Question: by Mr. Ahtisaari?

Jamie Shea: That's my understanding, that he will go to speak to the EU. I think that is widely known, I am not telling you anything you don't know already and there are no plans to my knowledge for that to happen at the moment.

Question: Do you have details of why the first air-drop mission failed?

Jamie Shea: Yes but the only information I have is that one of the flights did not leave because of a lack of equipment for air traffic control - I am not familiar with all of the details - and the aircraft that did leave apparently was unable to drop its food supplies for technical reasons but I don't have all the details. All I do know is that the plane did return safely to its airfield and wasn't fired at apparently and of course that is good news but you will have to ask the International Rescue Committee organisers directly what happened during today's first flight.

Greg Palcott, FOX News: It might be speculation again, you might want to back off but on the bombing halt would NATO accept something that has been discussed, that is that if after about five or six days NATO sees that Yugoslav troops, Serb forces, are leaving Kosovo, it wouldn't take a complete withdrawal to stop the bombing, it would take a concerted effort by Serb forces to leave?

Jamie Shea: Greg, you're absolutely correct. I am not going to speculate. NATO has made it clear that the ending of operation Allied Force depends on the fulfilment of the five conditions. The five conditions are still there, they haven't been watered down, they haven't been tampered with, they are still the only acceptable conditions for resolving this crisis and for leading to a stop of the operation so it is the five conditions and the effective implementation of those five conditions which are still, if you like, the guiding star in determining our future decisions.

Question: Could you confirm that NATO planes will be flying from Turkish bases from today?

Jamie Shea: No. I don't know if they are going to operate from today. As you know, there have been provisions, which the Turkish government has announced, for a number of NATO aircraft to operate from Turkish bases but I'm not aware exactly when they will become operational. We will try to clarify that for you later on.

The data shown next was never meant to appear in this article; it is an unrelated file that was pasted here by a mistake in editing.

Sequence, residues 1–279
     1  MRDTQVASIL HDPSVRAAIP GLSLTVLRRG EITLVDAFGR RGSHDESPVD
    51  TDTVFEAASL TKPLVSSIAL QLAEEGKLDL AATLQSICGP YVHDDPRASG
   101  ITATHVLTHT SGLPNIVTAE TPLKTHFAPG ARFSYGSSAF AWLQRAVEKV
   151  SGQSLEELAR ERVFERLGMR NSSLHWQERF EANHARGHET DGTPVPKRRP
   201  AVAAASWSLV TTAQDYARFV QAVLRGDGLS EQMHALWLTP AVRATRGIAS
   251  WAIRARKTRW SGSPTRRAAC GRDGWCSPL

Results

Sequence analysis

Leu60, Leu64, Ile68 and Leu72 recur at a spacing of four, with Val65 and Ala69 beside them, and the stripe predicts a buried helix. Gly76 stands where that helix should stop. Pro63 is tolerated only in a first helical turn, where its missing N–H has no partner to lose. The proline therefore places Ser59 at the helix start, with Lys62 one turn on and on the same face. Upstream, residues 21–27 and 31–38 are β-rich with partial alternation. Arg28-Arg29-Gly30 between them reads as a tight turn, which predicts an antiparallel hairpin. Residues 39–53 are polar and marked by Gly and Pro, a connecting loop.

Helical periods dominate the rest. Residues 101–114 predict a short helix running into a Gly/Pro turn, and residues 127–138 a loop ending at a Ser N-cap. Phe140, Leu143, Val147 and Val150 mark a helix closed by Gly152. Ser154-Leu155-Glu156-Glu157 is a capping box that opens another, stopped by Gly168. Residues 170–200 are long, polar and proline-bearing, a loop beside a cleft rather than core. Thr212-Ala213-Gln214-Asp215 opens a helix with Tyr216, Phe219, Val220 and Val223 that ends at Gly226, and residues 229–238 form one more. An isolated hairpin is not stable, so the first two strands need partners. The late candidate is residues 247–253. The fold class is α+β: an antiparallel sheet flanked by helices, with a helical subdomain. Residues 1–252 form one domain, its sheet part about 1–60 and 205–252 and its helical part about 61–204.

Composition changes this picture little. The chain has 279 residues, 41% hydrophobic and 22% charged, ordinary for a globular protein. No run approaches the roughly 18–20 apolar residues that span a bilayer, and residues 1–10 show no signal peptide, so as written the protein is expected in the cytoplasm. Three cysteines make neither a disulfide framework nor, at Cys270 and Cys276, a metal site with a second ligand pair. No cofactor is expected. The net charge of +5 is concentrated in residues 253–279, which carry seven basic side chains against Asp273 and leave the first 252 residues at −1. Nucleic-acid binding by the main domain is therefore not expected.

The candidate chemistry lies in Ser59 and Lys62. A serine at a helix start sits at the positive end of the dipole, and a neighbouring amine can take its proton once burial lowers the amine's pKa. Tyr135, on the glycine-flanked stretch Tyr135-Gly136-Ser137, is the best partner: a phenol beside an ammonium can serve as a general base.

Julie: Jamie, the New York Times was reporting today that SACEUR was asked not to come to a briefing at the White House where the Pentagon brass was supposed to review the options for the air strikes and whatever other options they are looking at. It suggests that the implication was that the President didn't want General Clark there because his views may be too hawkish. Could you comment on that?

Jamie Shea: No, I couldn't comment on that, Julie. I have no information on that whatever.

Margret Evans, CBC: I just wondered if you knew for sure whether Strobe Talbott will be coming to NATO today?

Jamie Shea: I don't have any information on that at the present time, Margaret. I understand he is still in Bonn but if I have anything on that, I'll let you know but nothing has been finalised.

John: Where is Mr. Solana today and will he be going to Cologne?

Jamie Shea: The Secretary General is here, he's just a few feet away in his office. He has got a busy day by the way, he is receiving the former Japanese Prime Minister, Mr. Hashimoto later on this morning and has several other appointments in the course of the day and I am not aware at the moment, John, of any plans for him to go to the EU summit.

Thank you very much and I will be here with Colonel Freytag at 3 o'clock.